Alzheimer's Disease
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What is Alzheimer's Disease?

Alzheimer's disease is the most common cause of severe mental deterioration (dementia) in the elderly. It has been estimated that 30% to 50% of people over 85 years old suffer from this condition. The cause of Alzheimer's is largely not known but many theories have been and continue to be investigated.

Alzheimer’s disease is a chronic, slowly progressive, gradual in onset, irreversible condition that destroys brain nerve cells and other structures in the central nervous system. People with Alzheimer’s disease slowly develop dementia —a loss of memory and intellectual and social skills that result in confusion, disorientation, and the inability to think, reason, and understand. The decline in cognition and memory results in activities of daily living to performed with increasing...

A risk factor is something that increases your likelihood of getting a disease or condition.

It is possible to develop Alzheimer’s disease with or without the risk factors listed below. However, the more risk factors you have, the greater your likelihood of developing Alzheimer’s disease.

There are still many questions regarding the exact cause of Alzheimer’s disease, so risk factors are still being identified. Currently, risk factors for Alzheimer’s disease include:

Age

Age is the most important known risk factor for developing Alzheimer’s disease. The number of people with Alzheimer’s disease doubles every five years beyond age 65 until age 85, when almost 50% of all people have the disease.

Gender

Alzheimer’s disease affects both men and women, but women may have a...

Alzheimer’s disease progresses slowly, and changes take place gradually over time. People can live with Alzheimer’s disease for 3-25 years, although the average duration of the disease is about 8-10 years. In general, changes can be characterized in three phases.

Early Phase

Subtle changes occur, but the problem is sometimes hard to pinpoint. More often, family members recognize these changes rather than the patients themselves. Common changes may include:

  • Forgetfulness and attempts to hide frequent forgetting
  • Misplacing things
  • Getting lost while driving
  • Loss of interest in hobbies
  • Difficulty concentrating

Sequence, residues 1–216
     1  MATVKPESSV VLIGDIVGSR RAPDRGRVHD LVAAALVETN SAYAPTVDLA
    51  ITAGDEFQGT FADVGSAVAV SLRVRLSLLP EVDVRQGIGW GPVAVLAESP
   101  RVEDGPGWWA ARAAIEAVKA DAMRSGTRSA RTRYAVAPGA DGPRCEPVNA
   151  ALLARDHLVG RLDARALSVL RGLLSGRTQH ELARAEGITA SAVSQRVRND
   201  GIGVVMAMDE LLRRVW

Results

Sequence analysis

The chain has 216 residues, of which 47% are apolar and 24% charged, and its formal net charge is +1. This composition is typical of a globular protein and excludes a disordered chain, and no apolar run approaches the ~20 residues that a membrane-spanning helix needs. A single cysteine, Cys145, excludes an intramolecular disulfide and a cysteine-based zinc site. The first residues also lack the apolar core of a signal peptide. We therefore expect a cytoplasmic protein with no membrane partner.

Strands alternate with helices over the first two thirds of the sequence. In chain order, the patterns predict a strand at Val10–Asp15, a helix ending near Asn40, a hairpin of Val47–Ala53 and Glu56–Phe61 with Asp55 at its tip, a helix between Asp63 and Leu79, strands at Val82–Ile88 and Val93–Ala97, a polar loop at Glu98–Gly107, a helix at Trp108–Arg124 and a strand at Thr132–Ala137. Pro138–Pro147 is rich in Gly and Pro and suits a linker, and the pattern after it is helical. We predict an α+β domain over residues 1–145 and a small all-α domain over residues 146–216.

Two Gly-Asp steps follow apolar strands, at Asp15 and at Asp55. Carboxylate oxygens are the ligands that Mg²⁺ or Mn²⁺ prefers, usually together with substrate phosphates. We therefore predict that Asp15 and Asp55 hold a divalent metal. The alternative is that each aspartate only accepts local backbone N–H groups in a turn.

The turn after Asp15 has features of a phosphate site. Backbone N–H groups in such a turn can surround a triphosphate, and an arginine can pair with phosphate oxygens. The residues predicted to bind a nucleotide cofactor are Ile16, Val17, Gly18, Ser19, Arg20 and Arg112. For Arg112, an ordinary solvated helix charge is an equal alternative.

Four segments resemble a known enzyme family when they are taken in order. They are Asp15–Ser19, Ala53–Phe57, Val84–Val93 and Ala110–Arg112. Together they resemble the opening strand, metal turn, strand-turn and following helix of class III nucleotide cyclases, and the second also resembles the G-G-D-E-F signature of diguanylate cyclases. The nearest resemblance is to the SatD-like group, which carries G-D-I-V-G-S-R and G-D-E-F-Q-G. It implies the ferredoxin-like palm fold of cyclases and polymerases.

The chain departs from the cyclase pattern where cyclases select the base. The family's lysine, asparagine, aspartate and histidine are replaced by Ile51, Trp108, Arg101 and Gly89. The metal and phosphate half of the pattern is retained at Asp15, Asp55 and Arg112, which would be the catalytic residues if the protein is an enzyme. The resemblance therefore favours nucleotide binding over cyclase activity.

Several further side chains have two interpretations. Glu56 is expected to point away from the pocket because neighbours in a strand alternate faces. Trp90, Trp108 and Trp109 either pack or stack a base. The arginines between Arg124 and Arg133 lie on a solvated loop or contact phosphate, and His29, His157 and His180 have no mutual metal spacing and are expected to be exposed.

• Inability to recall words
  • Decrease in sentence complexity
  • Problems with mathematical calculations
  • Getting lost in familiar surroundings *...

Diagnostic Tests

There are no laboratory tests to confirm a diagnosis of Alzheimer's disease. However, your doctor will be able do a thorough clinical evaluation and conduct tests that will provide a diagnosis with a relatively high accuracy rate, and other potential conditions will be ruled out.

Initially, the doctor will ask about your symptoms and medical history, and perform a physical exam. Tests to rule out other conditions may include:

Blood and Urine Tests

This may be done to rule out other causes of dementia. These tests may include:

  • Electrolytes (eg, sodium, potassium, and calcium)
  • Thyroid function tests
  • Complete blood count (CBC)
  • Levels vitamins (including B vitamins)
  • Erythrocyte sedimentation rare (ESR)
  • Lyme disease test
  • HIV test *...

Because the causes are unknown, there are currently no guidelines for reducing your risk of Alzheimer’s disease . Scientists are studying medicines and lifestyle factors (eg, diet, mental activity, exercise, stress reduction) that may help ward off the condition. Control of high blood pressure, high cholesterol, and diabetes may also help to reduce your risk. Other studies have found that drinking alcohol in moderation (one drink per day for women, two drinks per day for men) may be beneficial, as well. In addition, some researchers have argued that long-term use of nonsteroidal anti-inflammatory drugs (NSAIDs) can lower the risk.

Earlier studies indicated that hormone replacement therapy (HRT) in women decreased the risk of developing Alzheimer’s disease. However, recent...

Alzheimer’s Disease Education and Referral Service (ADEAR)

Address:

PO Box 8250
Silver Spring, MD 20907-8250

Phone:

1-800-438-4380

Internet address:

http://www.nia.nih.gov/alzheimers/

Description of services provided:

This site is part of the National Institute on Aging. It provides information and referral service, news and research information, publications, multimedia, and links to other resources.

Alzheimer’s Association

Address:

Alzheimer’s Association
225 N Michigan Ave, Fl 17
Chicago, IL 60601-7633

Phone:

1-800-272-3900
1-312-335-8700

Internet address:

http://www.alz.org/

Description of services provided:

This association is a network of national chapters. The organization funds...

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